I am trying to build LAPACK and BLAS with Intel Fortran to replace a current implementation using minGW that seems to be causing distribution runtime issues.
I am using CMAKE to create the project / solution files that came with LAPACK. However, it doesn't seem to matter what compiler options I use to set the export symbols, I can only get them exported as all-caps. (Although the function names are all-caps, so maybe it is really being interpreted "as-is".) I have tried all combinations of the calling convention and setting /names:lowercase and /assume:underscore, but I always get all-caps.
I read in various forums (from Steve Lionel) that some compiler options over-ride these flags. But I'm not sure that I know what CMAKE might be setting or another compiler flag to over-ride it.
Unfortunately the application using the (old) LAPACK / BLAS DLLs seems to be expecting lowercase with an appended underscore. I think this might come from the fact that the project originally came from Linux, but I'm not familiar with Linux conventions. I'm not sure if or how to change that to look for all-caps, because it seems to be done somewhere in the CMake magic.
I would appreciate any ideas. Thanks.
First of all, there are no compiler settings for symbol exports. Exports are done using an ATTRIBUTES DLLEXPORT directive in each procedure to export. You're really talking about changing the convention for global symbol names.
Can you provide a small test case? Yes, the trailing underscore is a Linux convention.
Thanks - That would be my ideal approach, but that would mean that I would be modifying the code for a "standardized" library. It also appears that they are trying to adhere to F77 standards (yeah, I know...) but this approach would require the 2003 standard.
Thanks, Steve. I'm not sure what kind of example would be helpful...
LAPACK / BLAS, for example, has a subroutine, DGEMV. The exported name by the compiler is "DGEMV". (Which makes perfect sense to me, but...) The DLLs that were made by the minGW compiler exported this name as "dgemv_". And this is what the calling program is looking for.
There are 2 flags under the compiler settings (not linker): /names:lowercase and /assume:underscore which look like they would give me what I need. I saw in another article / reply you wrote elsewhere that indicated that "STDCALL" vs "default" vs "C" could over-ride the setting of these values. However, I have tried every combination I could think of, and the exported names for the subroutines are always in all-caps, "DGEMV".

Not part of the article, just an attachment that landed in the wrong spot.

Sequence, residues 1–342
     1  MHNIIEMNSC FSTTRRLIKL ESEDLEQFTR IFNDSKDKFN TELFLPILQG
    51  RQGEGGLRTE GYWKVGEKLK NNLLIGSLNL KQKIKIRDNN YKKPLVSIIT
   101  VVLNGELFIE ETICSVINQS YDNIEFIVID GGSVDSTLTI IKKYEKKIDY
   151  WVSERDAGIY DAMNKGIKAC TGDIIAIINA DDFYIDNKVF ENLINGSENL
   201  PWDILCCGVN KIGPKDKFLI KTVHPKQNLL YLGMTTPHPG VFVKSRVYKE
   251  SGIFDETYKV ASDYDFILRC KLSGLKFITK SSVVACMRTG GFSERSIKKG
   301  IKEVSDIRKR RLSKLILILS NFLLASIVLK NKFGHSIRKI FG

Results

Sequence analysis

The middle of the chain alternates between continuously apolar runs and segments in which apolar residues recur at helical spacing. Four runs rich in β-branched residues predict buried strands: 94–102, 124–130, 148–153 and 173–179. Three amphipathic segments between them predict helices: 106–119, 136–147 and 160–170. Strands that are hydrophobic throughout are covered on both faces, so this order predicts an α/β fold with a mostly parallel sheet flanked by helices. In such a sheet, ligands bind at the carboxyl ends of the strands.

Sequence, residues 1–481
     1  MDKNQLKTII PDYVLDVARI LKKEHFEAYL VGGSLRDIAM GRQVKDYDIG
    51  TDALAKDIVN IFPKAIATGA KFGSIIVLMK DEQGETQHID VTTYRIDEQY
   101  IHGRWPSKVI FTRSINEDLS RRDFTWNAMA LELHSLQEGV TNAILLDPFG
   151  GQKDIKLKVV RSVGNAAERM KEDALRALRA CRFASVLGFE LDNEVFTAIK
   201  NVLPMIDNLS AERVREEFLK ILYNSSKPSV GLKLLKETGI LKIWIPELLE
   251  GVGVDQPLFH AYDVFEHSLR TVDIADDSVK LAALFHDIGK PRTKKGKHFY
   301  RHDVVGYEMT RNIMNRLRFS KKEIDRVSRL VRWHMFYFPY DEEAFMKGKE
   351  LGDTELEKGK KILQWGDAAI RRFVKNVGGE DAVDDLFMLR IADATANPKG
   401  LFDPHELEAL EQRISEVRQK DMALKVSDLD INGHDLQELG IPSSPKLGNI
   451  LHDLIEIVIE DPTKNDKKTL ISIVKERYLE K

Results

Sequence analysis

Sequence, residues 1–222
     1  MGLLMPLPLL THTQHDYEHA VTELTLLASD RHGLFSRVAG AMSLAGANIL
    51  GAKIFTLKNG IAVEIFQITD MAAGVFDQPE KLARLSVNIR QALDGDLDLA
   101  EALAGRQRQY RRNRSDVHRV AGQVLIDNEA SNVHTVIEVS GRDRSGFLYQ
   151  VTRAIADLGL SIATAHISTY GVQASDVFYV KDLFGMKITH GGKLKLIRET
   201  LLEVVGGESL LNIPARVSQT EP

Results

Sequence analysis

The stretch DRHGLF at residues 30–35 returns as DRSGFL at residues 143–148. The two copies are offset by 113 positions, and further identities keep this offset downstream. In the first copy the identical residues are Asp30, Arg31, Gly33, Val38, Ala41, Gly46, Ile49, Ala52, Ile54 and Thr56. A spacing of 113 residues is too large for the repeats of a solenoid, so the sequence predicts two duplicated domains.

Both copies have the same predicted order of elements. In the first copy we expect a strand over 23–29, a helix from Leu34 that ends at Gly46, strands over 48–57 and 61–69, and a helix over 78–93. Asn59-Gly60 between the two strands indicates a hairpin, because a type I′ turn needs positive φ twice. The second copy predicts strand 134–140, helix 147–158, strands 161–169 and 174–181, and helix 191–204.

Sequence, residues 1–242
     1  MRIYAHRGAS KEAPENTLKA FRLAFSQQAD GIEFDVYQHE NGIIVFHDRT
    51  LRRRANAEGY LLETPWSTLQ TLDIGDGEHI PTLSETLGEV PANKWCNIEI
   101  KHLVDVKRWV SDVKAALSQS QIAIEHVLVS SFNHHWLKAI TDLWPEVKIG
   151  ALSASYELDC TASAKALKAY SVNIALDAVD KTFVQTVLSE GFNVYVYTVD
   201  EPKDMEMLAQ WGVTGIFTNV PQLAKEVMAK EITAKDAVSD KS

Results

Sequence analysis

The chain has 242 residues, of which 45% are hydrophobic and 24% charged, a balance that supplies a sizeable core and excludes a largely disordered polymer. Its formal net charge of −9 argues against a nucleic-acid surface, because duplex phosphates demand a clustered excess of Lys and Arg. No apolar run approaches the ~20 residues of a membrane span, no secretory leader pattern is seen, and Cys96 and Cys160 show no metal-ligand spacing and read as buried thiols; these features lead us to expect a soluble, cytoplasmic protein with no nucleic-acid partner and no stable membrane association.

I guess I should also add that the symbols get exported by CMake's "CMAKE_WINDOWS_EXPORT_ALL_SYMBOLS". I think I read that this tells the linker to create an export definition for every symbol in the .obj files.
I know it's clumsy and not ideal, but the source library is a "cross-platform" standardized library, so I don't want to change their code.
Are you aware that Intel Parallel Studio includes Intel's MKL library? That library includes high performance BLAS and Lapack routines, and much more. If your code calls BLAS and Lapack routines with implicit interfaces, all that you have to do is to add the /Qmkl option when compiling and linking your source files.
Please construct a small test routine that shows the problem, and show us from a command line prompt how you invoke the compiler and how you determine that the names are uppercase. (Which they will be by default - as others have indicated you can change this in various ways.)
It is best to avoid having to use a library compiled by one compiler (e.g., Mingw Gcc) from objects compiled by another compiler (Intel) or with different calling conventions.
BLAS and Lapack contain several thousands of routines, so writing BIND(C) and other interfaces is not feasible unless the number of routines of interest is small or you have an interface generator program.
A look at http://www.icl.utk.edu/~mgates3/docs/lapack.html should put to rest any doubts about this.
Agreed! And dangerous / unpredictable!
I wasn't trying to combine object files - my intention was to put them behind a DLL... Still a complicated coordination.